"The 5 Problems with Videogame Journalism"

Firingsquad put up an interesting article yesterday (http://firingsquad.com/features/problems_with_video_game_journalism/) that fortunately doesn’t take the “lol videogame journalists are dumb and should just go away” approach, but instead explains the problems that one faces when writing.

I agree with most of the points, as I’ve written just as many reviews over the years as he has and feel right very much recognize the sometimes formulaic style of writing, after rushing through a game as fast as possible.

It’s obvious that things can, and should change for the better, but some of the problems mentioned are tough to do something about…

Any thoughts?

the typical reviewer at a “mainstream videogame website” who will review over 100 games a year

Who the hell is this? That’s two games a week.

This means that the average videogame reviewers is going to have “significantly above average” talent when it comes to games. They wouldn’t survive in the industry any other way.

Oh well. It was nice while it lasted.

Troy

I burned out in my video game review “career” in about 6 months…and I like to write.

I made another common error in videogame journalism two paragraphs ago. Did you notice it? It’s what probably would have been #6 on the list: writing about stuff I only know second hand. If I haven’t beaten Need for Speed: Most Wanted, why am I writing that the game gets too tough later in the game? I don’t know that to be true for a fact. I just read it on a message board (GAF)…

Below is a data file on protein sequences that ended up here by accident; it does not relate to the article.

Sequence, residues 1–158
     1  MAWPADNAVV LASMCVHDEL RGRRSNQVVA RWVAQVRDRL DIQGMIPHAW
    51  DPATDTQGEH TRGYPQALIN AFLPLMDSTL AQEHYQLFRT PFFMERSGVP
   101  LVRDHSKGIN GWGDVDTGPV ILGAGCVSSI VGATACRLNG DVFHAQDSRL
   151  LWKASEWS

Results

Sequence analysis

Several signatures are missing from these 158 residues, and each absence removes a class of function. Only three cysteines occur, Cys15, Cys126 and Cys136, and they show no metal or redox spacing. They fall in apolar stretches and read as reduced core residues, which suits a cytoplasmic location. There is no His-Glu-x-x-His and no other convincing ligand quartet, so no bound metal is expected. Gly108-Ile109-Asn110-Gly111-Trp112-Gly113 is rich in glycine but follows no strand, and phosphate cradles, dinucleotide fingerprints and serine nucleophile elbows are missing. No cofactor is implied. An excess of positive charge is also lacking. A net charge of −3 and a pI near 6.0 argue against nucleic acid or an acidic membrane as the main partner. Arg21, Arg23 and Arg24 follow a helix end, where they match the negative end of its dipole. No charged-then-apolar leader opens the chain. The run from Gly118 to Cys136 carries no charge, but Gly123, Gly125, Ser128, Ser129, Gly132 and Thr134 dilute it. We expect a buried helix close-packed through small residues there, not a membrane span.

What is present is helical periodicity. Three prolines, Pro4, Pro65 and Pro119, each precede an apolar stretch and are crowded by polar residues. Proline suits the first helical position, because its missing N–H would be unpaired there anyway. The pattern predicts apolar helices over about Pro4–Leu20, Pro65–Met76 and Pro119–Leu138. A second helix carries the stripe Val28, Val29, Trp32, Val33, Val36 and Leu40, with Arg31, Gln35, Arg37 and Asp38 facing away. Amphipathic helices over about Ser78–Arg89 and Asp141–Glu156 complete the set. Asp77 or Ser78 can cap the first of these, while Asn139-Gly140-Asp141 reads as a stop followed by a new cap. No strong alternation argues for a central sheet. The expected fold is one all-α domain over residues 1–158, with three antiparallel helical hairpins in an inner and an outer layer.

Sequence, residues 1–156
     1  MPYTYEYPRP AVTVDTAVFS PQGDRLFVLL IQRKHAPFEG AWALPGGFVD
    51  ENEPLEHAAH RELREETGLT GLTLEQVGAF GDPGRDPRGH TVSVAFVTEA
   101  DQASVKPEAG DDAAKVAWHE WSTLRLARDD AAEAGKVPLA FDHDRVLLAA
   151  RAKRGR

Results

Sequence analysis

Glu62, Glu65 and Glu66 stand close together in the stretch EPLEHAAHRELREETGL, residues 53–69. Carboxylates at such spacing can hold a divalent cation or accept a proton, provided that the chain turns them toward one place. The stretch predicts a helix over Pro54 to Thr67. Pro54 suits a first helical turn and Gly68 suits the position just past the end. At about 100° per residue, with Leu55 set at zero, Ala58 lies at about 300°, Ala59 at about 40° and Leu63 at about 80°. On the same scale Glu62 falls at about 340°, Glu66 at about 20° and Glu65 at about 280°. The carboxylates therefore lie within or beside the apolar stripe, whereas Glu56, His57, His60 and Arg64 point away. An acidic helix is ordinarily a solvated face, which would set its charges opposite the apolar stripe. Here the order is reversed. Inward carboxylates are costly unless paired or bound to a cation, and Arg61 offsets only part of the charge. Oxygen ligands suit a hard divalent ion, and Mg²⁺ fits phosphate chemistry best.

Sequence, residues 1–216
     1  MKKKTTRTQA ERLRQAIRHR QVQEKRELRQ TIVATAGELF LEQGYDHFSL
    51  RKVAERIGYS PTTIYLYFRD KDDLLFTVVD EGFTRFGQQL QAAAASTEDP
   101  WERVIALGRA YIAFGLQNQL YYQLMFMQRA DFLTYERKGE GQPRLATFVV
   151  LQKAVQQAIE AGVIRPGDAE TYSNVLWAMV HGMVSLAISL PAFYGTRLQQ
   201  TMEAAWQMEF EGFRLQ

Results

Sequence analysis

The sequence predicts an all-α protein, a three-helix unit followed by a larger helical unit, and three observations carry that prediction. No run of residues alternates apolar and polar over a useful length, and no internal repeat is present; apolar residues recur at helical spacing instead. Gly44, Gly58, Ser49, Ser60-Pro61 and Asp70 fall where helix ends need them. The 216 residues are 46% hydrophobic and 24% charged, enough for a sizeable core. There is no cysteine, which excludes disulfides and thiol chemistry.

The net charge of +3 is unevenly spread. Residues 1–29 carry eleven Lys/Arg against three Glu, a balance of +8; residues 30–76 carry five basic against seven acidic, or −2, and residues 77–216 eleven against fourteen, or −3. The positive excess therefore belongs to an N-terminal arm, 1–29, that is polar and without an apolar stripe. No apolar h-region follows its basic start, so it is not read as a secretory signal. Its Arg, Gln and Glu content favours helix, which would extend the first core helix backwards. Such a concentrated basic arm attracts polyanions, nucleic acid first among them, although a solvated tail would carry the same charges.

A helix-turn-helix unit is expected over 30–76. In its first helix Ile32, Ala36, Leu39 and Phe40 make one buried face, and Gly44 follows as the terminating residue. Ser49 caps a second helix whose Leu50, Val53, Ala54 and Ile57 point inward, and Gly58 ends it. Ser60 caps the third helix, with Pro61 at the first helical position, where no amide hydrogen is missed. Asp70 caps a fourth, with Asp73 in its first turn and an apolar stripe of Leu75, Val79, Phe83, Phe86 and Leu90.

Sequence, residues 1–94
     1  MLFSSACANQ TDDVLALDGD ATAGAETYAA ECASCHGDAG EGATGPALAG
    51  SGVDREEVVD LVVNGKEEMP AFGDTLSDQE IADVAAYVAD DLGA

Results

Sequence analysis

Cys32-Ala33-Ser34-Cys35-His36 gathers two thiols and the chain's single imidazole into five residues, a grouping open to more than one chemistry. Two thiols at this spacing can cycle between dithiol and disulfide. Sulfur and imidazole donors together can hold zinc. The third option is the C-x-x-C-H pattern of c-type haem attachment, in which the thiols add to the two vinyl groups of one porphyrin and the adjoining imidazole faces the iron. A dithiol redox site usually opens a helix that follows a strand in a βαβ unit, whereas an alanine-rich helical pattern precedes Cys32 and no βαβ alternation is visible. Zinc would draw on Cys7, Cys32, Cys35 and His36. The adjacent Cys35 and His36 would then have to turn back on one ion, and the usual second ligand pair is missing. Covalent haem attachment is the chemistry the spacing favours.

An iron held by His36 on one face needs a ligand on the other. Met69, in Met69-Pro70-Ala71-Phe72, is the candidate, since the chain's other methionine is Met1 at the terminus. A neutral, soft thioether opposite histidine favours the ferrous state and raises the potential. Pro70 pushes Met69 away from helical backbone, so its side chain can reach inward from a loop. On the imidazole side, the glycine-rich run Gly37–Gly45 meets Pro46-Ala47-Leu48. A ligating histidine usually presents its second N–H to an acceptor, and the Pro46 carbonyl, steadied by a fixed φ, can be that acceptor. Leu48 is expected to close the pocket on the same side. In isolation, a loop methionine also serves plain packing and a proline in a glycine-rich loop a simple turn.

This is a fairly common phenomenon. Videogame reviewers have to enjoy what they do, and part of that is participating in the online community. Still, there are many times were videogame journalists will take ideas or strategies from message boards and not really give any credit to the original source.

Yes, because no two people ever have the same idea independently of each other.

I think Alan has good intentions, but this article, comments like Bruce Shelly’s, and the 7-9 threads all seem to come from the same place: the unspoken belief that reviews should be perfect and/or can be perfected. By jeezum crow, they’re subjective opinions, folks. Just because they’re written by people who ostensibly have more gaming experience/knowhow doesn’t make them any less subjective. That’s why debating the value of half a star and worrying about “innovation bias” is essentially pointless. Reviewing will never be an exact science.

This means that the average videogame reviewers is going to have “significantly above average” talent when it comes to games. They wouldn’t survive in the industry any other way.

Pffft. I fucking suck at games, it didn’t stop me from making a living at it for 15 years.

Pffft. I fucking suck at games, it didn’t stop me from making a living at it for 15 years.

Yeah, that’s like me & sex

uh, never mind

Being good at games and being able to write about games are two completely different things. The real problem is that many people think that they’re good at playing games, and therefore they must be inherently qualified to write about them. <insert roll-eyes smiley graphic here>

  • Alan

One of these articles again?

I thought it was a pretty good article. The innovation bias in particular was good.